Details of a Sunset and Other Stories
by Vladimir Nabokov
McGraw-Hill, 179 pp., $8.95
“This collection,” Mr. Nabokov announces in a foreword, “is the last batch of my Russian stories meriting to be Englished.” There are thirteen of them. Written and published in émigré journals between 1924 and 1935, they belong to the outset of his career when he was leading in Berlin “an odd but by no means unpleasant existence,” as he described it later in Speak, Memory, “in material indigence and intellectual luxury among perfectly unimportant strangers.” Now, in collaboration with his son Dmitri, he has translated them and supplied brief introductory notes.
In one of these notes he imagines someone asking, “What was your purpose, sir, in penning this story, forty years ago in Berlin?” and answers, “Well, I did pen it (for I never learned to type…); but I had never any ‘purpose’ in mind when writing stories—for myself, my wife, and half a dozen dear dead chuckling friends.” The “dear dead chuckling friends,” Russian intellectuals living in “foreign communities” in “more or less illusory cities,” whose “spectral” inhabitants were “to the mind’s eye as flat and transparent as figures cut out of cellophane,” could be counted on to relish the look, gestures, preoccupations, behavior, and idiom of the Russian characters about whom most of the stories were written, of these lonely, uprooted men, making the best of their precarious lives in shabby rooms that were like temporary camps on unplanned, unpredictable, enforced journeys. Poverty to them is not important but, driven as they have been from their country, abandoned by those they love or alienated from them by space and time, their pain of loss is keen indeed.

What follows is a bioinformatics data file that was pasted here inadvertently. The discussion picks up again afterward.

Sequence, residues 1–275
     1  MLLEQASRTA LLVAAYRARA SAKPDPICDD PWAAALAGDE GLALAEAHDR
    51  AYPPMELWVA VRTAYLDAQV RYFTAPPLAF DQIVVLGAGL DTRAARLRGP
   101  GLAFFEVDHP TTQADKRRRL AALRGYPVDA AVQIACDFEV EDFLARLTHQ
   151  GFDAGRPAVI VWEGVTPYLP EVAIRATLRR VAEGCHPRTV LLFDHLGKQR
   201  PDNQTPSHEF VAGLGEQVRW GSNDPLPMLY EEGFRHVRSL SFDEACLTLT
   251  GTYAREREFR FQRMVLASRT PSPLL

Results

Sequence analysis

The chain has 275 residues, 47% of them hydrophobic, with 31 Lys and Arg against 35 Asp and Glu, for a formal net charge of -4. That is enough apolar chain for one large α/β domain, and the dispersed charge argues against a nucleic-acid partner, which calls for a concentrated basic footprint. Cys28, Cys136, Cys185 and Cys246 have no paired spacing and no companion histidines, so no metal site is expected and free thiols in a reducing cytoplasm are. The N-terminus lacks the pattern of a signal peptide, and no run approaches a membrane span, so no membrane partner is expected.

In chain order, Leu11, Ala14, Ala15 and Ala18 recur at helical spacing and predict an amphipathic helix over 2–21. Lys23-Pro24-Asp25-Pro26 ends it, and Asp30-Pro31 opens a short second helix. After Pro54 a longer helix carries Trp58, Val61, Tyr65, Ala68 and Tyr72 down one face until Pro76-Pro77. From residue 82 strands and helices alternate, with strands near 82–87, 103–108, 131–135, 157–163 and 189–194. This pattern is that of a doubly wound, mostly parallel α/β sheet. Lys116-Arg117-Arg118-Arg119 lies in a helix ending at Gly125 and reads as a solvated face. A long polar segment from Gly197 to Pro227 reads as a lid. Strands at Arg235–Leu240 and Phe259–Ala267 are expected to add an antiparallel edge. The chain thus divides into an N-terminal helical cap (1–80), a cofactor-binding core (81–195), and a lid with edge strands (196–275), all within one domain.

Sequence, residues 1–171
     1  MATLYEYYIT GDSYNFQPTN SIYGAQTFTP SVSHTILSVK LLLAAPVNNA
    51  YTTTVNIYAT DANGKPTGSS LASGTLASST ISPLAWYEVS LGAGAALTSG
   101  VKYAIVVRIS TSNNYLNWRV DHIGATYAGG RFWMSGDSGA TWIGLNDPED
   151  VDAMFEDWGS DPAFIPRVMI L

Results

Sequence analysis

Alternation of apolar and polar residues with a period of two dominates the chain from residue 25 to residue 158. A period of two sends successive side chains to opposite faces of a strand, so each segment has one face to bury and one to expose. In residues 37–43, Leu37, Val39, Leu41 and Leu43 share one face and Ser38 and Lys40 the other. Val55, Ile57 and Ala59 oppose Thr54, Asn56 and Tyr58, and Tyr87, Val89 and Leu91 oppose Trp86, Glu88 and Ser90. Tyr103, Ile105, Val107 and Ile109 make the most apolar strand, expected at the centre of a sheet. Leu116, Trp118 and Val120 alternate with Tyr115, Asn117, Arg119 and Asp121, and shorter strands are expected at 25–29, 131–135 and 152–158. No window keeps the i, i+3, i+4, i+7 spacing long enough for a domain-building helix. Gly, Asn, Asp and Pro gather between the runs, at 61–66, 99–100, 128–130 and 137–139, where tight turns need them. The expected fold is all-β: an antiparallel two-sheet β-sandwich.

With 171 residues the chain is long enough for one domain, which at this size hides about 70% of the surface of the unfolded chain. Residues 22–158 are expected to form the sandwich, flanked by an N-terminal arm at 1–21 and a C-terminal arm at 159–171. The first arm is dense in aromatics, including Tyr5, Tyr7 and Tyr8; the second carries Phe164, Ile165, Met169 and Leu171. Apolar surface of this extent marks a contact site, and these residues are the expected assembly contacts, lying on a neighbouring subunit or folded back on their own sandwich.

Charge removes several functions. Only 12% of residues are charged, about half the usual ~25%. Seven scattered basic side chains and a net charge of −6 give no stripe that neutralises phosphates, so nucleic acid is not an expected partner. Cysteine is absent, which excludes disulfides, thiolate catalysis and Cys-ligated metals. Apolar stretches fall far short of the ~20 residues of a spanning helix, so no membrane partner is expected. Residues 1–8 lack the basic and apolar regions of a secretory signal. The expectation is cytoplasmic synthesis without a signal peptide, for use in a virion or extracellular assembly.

In “The Doorbell,” a youth, after years of separation from his mother, after fighting in the civil war and wandering over Russia, Italy, Africa, the Canary Islands, manages to trace her to an apartment in Berlin only to discover that she has changed both in herself and toward him, and realizing he is not wanted, leaves after a few embarrassed moments for heaven knows what new adventures.
In “The Reunion,” a well-established Soviet man, on business in Berlin, comes to see his émigré brother in his tiny room. Without anything to say to each other, they try to make conversation and finally fasten on the one point they have in common, the memory of a black poodle they used to play with in childhood. But they have forgotten its name and the pathetic urgency with which they struggle to call it back is a measure of their estrangement from each other and from their past. The émigré brother is “a needy but neat little man, in a black suit worn shiny and a turn-down collar that was too large for him.” He wears “spats to hide the holes in his socks,” and is too proud to mention his poverty, too bruised to speak of his solitude, and too courteous to hint at how exceptionally inopportune the unwelcome visit has been. An unpretentious, sensitive man, he prefigures in his gentleness …